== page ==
This from John David Dyche in C-J:
State GOP's anti-tax stance endangers Kentucky's future
Republicans in the Kentucky General Assembly have conflated the concept of conservatism with opposition to any and all tax increases. This is unfortunate and incorrect. Properly understood, conservatism is an attitude of realistic prudence toward politics and society, not a rigid position on any single issue.
The most recent manifestation of this Republican misunderstanding is in the apparent opposition of every GOP representative and senator to an altogether sensible, and indeed much too modest, increase in the cigarette tax. Sen. Gerald Neal, D-Louisville, was right in saying that no legislator has articulated a good reason for this resistance.
Sen. Robert Stivers, R-Manchester, called the cigarette tax "bad policy" because as the tax went up, fewer people would buy cigarettes, thus decreasing revenue. But this argument ignores the benefits of both badly needed short-term revenues and long-term savings from the improved public health that reduced smoking would produce.
Funds from taxing a vice like smoking can be used to promote conservative social virtues. There is virtual consensus, for example, that expanded early childhood education would improve Kentucky in myriad ways. Yet for want of money too little is done in this regard and even existing educational programs are effectively cut.
How did the anti-tax talisman take hold of the state GOP? Perhaps when Louie Nunn never won again after raising the sales tax as governor. Or maybe in 2000 when U.S. Sen. Mitch McConnell warned the state Senate's new Republican majority against raising taxes. Both these possible explanations reflect calculations of political power rather than good policy.
Yet conservative icon Ronald Reagan raised taxes as California governor and prospered politically. State Sen. David Williams, R-Burkesville, and then-state Rep. Anne Northup, R-Louisville, likewise thrived after they voted for a sales tax increase to finance education reform in 1990, as rare exceptions to the prevailing Republican rule.
Being anti-tax at the federal level is completely consistent with conservative, and constitutional, principles. The national government is supposed to be one of limited powers, but now grossly exceeds them. Its bloated bureaucracy poorly performs functions that under federalism, to which conservatives at least pay lip service, should be state responsibilities.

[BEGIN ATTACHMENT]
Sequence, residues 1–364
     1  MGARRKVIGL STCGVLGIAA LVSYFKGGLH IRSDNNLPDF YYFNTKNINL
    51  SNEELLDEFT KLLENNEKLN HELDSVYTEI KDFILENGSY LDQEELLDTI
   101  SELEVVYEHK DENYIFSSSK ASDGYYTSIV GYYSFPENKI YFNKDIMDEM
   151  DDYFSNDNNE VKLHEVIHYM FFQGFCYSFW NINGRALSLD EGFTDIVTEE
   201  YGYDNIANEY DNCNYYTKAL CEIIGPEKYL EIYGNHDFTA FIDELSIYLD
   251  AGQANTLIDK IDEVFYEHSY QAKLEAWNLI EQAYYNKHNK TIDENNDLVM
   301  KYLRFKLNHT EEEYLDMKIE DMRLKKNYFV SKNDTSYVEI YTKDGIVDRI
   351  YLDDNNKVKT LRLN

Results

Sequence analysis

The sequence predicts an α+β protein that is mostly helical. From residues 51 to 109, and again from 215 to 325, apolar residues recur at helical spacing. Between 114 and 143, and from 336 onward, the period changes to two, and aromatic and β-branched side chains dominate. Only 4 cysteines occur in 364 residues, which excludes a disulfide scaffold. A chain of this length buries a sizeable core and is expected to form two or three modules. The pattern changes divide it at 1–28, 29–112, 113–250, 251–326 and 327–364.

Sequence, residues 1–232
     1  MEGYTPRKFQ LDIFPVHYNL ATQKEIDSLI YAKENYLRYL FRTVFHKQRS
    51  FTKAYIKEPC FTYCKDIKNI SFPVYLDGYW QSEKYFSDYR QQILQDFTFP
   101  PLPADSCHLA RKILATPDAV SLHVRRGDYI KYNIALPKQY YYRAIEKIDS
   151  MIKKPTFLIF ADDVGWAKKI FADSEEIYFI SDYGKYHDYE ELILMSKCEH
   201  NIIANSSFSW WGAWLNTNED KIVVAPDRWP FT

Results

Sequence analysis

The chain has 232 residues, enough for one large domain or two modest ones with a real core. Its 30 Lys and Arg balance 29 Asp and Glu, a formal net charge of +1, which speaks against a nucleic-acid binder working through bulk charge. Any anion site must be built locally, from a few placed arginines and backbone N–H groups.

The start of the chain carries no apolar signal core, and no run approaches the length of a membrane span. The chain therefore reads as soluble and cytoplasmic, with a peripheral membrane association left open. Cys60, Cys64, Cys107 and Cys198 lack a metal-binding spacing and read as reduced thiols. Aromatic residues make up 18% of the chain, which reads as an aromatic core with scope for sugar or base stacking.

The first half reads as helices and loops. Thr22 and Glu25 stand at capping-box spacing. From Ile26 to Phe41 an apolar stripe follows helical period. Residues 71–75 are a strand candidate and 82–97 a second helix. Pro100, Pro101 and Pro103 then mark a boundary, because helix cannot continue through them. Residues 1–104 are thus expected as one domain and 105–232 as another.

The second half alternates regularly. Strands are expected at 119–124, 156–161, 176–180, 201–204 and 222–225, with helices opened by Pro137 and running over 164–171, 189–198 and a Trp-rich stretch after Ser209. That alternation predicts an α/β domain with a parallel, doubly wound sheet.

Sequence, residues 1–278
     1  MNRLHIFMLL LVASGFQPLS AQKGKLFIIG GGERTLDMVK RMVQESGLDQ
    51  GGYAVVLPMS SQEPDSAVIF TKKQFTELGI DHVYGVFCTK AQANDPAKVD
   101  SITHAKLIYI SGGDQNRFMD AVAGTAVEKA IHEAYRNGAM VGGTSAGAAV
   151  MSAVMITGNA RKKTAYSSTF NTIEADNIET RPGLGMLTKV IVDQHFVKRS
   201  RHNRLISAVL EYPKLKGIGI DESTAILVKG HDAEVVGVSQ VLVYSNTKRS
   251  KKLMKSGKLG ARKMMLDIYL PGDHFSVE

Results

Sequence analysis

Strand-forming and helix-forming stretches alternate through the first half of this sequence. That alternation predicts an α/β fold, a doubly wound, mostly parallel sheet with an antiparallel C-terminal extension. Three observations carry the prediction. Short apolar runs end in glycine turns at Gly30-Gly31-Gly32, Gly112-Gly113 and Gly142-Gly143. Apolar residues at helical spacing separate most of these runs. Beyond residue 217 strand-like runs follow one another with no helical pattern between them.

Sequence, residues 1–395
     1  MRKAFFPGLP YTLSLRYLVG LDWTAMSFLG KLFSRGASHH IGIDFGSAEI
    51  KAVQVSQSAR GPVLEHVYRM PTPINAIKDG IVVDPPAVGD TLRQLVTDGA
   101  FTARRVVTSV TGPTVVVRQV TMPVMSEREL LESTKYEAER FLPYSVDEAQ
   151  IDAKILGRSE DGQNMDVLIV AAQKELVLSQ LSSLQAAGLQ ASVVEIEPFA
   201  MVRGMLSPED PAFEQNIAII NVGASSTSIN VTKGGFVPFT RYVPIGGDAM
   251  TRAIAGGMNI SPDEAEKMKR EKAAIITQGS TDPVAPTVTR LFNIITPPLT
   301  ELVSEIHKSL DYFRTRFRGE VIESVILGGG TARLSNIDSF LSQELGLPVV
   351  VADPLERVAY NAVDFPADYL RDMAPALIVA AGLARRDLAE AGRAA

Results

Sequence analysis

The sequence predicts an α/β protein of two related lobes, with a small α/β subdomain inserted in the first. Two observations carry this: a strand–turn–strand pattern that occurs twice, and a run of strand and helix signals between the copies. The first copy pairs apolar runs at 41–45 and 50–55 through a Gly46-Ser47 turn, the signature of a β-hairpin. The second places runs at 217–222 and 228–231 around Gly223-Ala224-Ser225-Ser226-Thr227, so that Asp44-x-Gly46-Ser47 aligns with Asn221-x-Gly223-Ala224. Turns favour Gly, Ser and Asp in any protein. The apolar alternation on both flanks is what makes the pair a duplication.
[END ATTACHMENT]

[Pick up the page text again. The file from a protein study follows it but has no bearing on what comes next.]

It is, therefore, perfectly consistent with conservative principles for one to advocate for smaller government and lower taxes in Washington, but at the same time support bigger government and higher taxes in Frankfort. Some, like state Rep. Jim DeCesare, R-Bowling Green, nonetheless suggest that only ultra-liberals could back a budget containing a cigarette tax hike.
Not every proposed state tax and program merit conservative support, of course. Dumb taxes discourage desirable activities, like entrepreneurship and investment. But the cigarette tax literally discourages cancer and a plethora of other costly medical and social plagues.
One can also make a conservative case for expanded gambling, but it is admittedly more difficult. The best arguments are built upon conserving the state's signature equine industry. New gambling, maybe limited to slots, at tracks with some proceeds steered into purses would not extend gambling to new venues, but would produce revenue and help sustain a broad-based agricultural industry now suffering from intense multi-state competition.
Kentucky formerly featured more philosophical diversity among its Republican politicians. Many will argue that is the very reason why the GOP was so long in the minority. Perhaps aggressively pairing an inflexible anti-tax stance with fundamentalist Christian positions on social issues is the key to a renaissance of Republican political success.
But nothing in the conservative intellectual tradition requires any such linkage. And little, if anything, in Kentucky's quality of life or future prospects proves that the commonwealth is better off because of it.
This stagnant state is in desperate need of a new "third way" alternative to its current partisan political gridlock. Pragmatic Republicans with the courage to reclaim real conservatism from the misguided ideology that has consumed it can point the way.